A True Canadian Grand Slam

Lawrence with Kyla and Matthew at Ritchie Falls Resort

Lawrence with Kyla and Matthew at Ritchie Falls Resort

When I set off to visit Ritchie Falls Resort along with my guide dog Moby and friend and photographer Ian McLeod, we had no idea we were about to witness what could only be considered a classic Canadian Grand Slam. First though, a bit of history about the place and people.

In 2012 the Sagamok Anishnawbek First nation’s community located just West of Sudbury Ontario reached out with an offer to purchase Ritchie Falls from, at that point, its 5th set of owners since its construction in 1909. For the new owners, the purchase represented an opportunity to generate income and jobs for their community, and a platform to market their indigenous values and local knowledge. Before any of this could take place however, a sizeable financial investment was needed to implement their eco-indigenous tourism plans.

Lawrence with Kyla holding a fish

As is the case with many of Canada’s 20th-century fishing lodges, the baby boomers who make up their clientele are showing signs of aging. Approximately 40 per cent of men over 65 now report disabling issues, due largely to knees and backs. Unfortunately, it just takes one member of the “boy’s” annual fishing or hunting trip to beg off for the rest to take a pass. And, once a group boughs out of their annual trip, the chance of their ever re-booking is unlikely. Thus, owners of aging lodges like Ritchie Falls are having to re-invent their service offerings.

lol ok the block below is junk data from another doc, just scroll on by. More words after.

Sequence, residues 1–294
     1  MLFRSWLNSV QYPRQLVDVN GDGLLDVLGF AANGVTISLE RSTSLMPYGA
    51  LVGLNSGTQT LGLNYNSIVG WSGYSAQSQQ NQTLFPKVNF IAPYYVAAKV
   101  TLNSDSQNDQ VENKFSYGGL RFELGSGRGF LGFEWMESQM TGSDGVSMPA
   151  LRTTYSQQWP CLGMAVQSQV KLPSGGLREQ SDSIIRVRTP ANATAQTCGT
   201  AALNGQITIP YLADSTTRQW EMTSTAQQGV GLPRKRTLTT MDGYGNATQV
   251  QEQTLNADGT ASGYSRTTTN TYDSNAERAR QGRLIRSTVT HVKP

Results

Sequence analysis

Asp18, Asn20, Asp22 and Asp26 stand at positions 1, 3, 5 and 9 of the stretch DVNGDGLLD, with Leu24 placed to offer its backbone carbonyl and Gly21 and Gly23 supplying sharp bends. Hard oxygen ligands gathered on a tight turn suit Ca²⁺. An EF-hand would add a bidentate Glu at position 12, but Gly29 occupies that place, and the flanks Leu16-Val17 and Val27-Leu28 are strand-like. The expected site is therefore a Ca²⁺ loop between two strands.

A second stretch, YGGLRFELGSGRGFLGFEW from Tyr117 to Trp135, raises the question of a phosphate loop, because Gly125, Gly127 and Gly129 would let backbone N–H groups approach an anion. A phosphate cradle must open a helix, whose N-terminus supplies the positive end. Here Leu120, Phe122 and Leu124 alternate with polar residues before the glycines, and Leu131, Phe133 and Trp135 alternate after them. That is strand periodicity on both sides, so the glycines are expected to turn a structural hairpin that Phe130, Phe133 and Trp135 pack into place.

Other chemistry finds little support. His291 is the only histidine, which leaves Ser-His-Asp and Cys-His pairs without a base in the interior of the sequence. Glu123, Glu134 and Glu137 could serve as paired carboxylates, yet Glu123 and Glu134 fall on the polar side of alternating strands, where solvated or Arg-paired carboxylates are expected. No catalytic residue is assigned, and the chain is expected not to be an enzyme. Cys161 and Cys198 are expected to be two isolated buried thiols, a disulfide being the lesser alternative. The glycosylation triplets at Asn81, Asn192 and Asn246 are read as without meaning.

Mathew and Kyla Owl were selected by the new First Nations owners to lead the transformation process and operate Ritchie Falls, including marketing to both new and old clients. Keeping past clients coming back was crucial for generating cash flow and positive customer reviews. At the same time, the plan to transition the business away from its 100 per cent dependence on consumptive experiences (e.g. the harvest of fish and game), was seen as essential to their goal of operating Ritchie Falls year-round.

Lawrence, Kyla and Matthew, standing in front of the Ritchie Falls Resort sign

Upon my arrival at Ritchie Falls it became obvious my guide dog, Moby, was interested in a vacation himself. Off came the harness and leash, followed immediately with his adoption by the Resort’s pack of mastiffs, shepherds and hounds that circulate freely throughout the grounds as a deterrent to black bears.

Mat and Kyla were busy preparing to transport their Estonian, American and Canadian bear hunters to the bush for an afternoon of hunting from ground blinds. This gave me an opportunity to try out some of the fishing at the base of the falls. Within an hour I had caught and released Whitefish, a decent bag of Smallmouth Bass, and countless Brook Trout.

The new cabins at Ritchie Falls would make any cottage owner envious. Pine inside and out and furnished with actual La-Z-Boy chairs for kicking back. All the creature comforts tastefully decorated and accented with art and sculpture. A new green septic system that uses moss to filter and break down waste, and electric power from the hydro turbine recently installed below the falls, means guests lack for nothing.